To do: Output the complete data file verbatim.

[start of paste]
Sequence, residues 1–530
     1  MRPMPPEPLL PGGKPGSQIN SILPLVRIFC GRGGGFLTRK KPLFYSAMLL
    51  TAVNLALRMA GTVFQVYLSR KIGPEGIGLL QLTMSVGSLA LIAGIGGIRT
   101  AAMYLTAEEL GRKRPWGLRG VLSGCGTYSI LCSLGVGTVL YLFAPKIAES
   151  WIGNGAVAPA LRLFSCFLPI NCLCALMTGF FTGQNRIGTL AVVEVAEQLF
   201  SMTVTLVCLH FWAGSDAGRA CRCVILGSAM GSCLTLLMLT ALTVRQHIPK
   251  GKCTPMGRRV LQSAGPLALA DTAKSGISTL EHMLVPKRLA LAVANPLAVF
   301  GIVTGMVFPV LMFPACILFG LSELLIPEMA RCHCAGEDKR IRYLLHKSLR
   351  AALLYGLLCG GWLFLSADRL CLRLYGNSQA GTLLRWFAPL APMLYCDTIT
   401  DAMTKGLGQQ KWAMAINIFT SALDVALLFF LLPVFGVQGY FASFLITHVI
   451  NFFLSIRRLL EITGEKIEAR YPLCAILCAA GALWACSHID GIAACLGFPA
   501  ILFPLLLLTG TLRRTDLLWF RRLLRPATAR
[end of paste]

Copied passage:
Sequence, residues 1–530
     1  MRPMPPEPLL PGGKPGSQIN SILPLVRIFC GRGGGFLTRK KPLFYSAMLL
    51  TAVNLALRMA GTVFQVYLSR KIGPEGIGLL QLTMSVGSLA LIAGIGGIRT
   101  AAMYLTAEEL GRKRPWGLRG VLSGCGTYSI LCSLGVGTVL YLFAPKIAES
   151  WIGNGAVAPA LRLFSCFLPI NCLCALMTGF FTGQNRIGTL AVVEVAEQLF
   201  SMTVTLVCLH FWAGSDAGRA CRCVILGSAM GSCLTLLMLT ALTVRQHIPK
   251  GKCTPMGRRV LQSAGPLALA DTAKSGISTL EHMLVPKRLA LAVANPLAVF
   301  GIVTGMVFPV LMFPACILFG LSELLIPEMA RCHCAGEDKR IRYLLHKSLR
   351  AALLYGLLCG GWLFLSADRL CLRLYGNSQA GTLLRWFAPL APMLYCDTIT
   401  DAMTKGLGQQ KWAMAINIFT SALDVALLFF LLPVFGVQGY FASFLITHVI
   451  NFFLSIRRLL EITGEKIEAR YPLCAILCAA GALWACSHID GIAACLGFPA
   501  ILFPLLLLTG TLRRTDLLWF RRLLRPATAR